Journal of Sport & Tourism
Although the literature on events differentiates between locals, casual attendees, and those who have travelled specifically to attend the event, little is known about how the types of attendee differ. This study compared the fan motivation, leisure motivation, and identification with the subculture of athletics reported by a sample (N = 777) of attendees at the 2005 Pan American Junior Athletics Championships. Age, gender, and income were also included. Regression analyses were used to determine the structure of relations among the variables, and to ascertain whether the levels of motivation or identity varied among the three types of attendee. Tests for linear restrictions were used to determine whether the structure of relations among the variables differed by type of attendee. The structure of relations among the variables did not differ among the three types of attendee, but attendees who had travelled specifically to attend the event reported substantially higher identification with the subculture of athletics, and slightly higher fan motivation. Identification with the subculture of athletics mediated much of the effect. Females reported higher fan motivation and higher leisure motivation than did males. Age had a small but significant relationship with fan motivation, and income had a small but significant relationship with leisure motivation. Findings are generally consistent with predictions derived from theories of motivation, subculture, and gender roles. It is suggested that marketing communications directed out-of-town should highlight opportunities to strengthen, parade, and celebrate, while those in the local trading radius should underscore the entertainment, aesthetics, and vicarious achievement featured at the event.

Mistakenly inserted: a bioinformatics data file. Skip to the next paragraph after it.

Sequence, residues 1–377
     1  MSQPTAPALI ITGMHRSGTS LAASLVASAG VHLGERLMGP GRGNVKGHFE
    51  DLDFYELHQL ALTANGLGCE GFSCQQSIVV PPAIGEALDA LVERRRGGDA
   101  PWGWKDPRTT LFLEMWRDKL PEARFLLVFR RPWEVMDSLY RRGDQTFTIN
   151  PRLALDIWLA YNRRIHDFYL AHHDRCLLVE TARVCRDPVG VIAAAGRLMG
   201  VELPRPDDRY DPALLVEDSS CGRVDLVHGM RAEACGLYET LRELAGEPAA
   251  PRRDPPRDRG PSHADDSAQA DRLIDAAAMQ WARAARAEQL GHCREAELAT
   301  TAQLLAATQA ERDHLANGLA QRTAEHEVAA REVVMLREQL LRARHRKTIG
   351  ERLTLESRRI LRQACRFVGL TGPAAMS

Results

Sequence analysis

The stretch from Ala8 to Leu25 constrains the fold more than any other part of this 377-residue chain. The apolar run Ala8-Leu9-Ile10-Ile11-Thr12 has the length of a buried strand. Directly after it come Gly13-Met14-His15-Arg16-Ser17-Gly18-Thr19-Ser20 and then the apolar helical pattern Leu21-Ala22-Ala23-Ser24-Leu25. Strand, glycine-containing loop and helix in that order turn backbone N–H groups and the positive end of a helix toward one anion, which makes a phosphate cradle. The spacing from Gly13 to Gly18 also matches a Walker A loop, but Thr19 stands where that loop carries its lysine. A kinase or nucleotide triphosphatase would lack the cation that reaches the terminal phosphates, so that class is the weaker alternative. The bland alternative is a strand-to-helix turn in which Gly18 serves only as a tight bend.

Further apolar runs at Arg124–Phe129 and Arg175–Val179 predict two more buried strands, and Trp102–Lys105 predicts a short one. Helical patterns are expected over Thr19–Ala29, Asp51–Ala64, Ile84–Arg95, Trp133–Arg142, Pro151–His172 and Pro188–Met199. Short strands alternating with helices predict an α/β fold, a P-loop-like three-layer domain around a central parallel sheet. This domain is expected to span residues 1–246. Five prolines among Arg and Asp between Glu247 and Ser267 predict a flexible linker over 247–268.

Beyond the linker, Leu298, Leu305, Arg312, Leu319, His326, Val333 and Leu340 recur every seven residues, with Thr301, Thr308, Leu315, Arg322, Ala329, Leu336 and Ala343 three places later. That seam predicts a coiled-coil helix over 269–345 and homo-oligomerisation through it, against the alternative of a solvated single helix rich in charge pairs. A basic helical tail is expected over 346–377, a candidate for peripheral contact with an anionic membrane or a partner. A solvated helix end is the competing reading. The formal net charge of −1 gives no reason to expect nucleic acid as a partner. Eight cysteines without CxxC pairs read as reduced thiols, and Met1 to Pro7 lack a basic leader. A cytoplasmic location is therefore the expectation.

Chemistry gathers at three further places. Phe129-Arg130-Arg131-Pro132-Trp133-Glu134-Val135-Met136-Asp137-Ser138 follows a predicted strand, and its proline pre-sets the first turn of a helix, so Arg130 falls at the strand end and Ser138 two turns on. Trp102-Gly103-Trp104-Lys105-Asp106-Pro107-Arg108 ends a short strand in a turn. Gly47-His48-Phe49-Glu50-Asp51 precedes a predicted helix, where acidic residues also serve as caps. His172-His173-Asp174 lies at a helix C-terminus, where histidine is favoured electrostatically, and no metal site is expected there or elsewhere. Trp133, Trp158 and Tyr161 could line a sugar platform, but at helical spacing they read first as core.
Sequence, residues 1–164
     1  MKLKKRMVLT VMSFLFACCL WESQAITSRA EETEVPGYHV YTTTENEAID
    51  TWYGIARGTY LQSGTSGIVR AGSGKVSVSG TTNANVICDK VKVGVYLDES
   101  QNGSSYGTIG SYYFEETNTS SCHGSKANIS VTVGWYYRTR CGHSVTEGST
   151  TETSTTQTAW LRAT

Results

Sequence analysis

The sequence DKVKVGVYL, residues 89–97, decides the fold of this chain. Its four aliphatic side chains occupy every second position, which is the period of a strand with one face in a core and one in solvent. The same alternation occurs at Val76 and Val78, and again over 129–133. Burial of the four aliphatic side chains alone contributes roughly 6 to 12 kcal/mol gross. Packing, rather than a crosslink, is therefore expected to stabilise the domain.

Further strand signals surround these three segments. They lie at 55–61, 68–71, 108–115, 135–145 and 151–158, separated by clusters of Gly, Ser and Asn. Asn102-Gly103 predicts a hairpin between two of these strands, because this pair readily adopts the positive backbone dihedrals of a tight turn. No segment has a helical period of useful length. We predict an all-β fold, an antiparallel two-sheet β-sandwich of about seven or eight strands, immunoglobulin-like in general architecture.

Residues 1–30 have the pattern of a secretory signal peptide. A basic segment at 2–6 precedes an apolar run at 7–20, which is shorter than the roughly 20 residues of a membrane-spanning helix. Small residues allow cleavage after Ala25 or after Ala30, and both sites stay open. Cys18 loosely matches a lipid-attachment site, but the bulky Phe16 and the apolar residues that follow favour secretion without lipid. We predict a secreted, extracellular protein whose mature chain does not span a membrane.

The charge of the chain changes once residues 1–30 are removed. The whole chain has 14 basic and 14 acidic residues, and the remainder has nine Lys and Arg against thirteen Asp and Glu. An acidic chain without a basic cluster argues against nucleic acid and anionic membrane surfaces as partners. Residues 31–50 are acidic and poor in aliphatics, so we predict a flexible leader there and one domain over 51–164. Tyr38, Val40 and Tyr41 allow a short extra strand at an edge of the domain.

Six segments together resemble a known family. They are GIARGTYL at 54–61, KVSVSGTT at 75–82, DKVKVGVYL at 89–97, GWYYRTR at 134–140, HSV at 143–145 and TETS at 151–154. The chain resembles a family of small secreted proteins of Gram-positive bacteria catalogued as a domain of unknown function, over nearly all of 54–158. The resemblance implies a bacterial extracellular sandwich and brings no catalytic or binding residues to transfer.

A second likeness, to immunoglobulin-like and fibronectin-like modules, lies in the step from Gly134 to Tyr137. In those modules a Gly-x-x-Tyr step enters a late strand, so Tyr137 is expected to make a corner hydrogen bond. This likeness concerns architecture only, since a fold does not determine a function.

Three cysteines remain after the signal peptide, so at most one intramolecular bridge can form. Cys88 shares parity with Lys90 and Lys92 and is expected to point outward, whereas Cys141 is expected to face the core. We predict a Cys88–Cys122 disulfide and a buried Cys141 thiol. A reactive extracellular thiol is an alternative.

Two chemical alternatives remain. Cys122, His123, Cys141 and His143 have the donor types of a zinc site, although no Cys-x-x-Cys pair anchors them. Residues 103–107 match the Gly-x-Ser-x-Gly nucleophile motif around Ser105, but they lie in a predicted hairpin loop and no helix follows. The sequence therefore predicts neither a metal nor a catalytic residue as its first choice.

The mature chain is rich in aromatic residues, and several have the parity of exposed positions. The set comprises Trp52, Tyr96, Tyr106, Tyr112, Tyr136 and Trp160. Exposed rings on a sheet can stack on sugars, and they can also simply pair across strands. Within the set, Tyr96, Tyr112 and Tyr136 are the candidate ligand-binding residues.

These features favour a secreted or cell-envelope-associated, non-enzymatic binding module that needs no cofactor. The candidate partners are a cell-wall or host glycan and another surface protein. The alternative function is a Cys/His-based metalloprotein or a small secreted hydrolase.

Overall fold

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Snelgrove, Ryan; Taks, Marijke; Chalip, Laurence; and Green, B. Christine. (2008). How Visitors and Locals at a Sport Event Differ in Motives and Identity. Journal of Sport & Tourism, 13 (3), 165-180.